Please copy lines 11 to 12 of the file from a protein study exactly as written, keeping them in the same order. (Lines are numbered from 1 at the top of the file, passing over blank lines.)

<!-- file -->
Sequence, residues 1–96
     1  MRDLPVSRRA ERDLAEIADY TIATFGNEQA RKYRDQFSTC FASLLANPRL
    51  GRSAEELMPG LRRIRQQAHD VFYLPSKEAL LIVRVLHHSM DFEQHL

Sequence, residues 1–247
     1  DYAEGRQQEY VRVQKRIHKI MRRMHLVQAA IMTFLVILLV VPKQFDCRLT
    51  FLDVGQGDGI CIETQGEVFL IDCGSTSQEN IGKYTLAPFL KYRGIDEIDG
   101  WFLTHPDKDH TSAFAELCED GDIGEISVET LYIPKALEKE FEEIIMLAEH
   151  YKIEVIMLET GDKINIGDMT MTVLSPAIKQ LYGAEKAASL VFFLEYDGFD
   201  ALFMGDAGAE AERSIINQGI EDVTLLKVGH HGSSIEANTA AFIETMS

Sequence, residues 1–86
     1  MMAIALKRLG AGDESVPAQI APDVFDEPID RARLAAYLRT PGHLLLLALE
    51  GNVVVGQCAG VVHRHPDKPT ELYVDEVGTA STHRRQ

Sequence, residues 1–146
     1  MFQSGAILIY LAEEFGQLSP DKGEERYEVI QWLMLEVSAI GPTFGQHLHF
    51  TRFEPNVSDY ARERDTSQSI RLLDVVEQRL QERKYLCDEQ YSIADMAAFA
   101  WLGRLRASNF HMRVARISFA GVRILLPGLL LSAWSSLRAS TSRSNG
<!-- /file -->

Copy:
     1  MMAIALKRLG AGDESVPAQI APDVFDEPID RARLAAYLRT PGHLLLLALE
    51  GNVVVGQCAG VVHRHPDKPT ELYVDEVGTA STHRRQ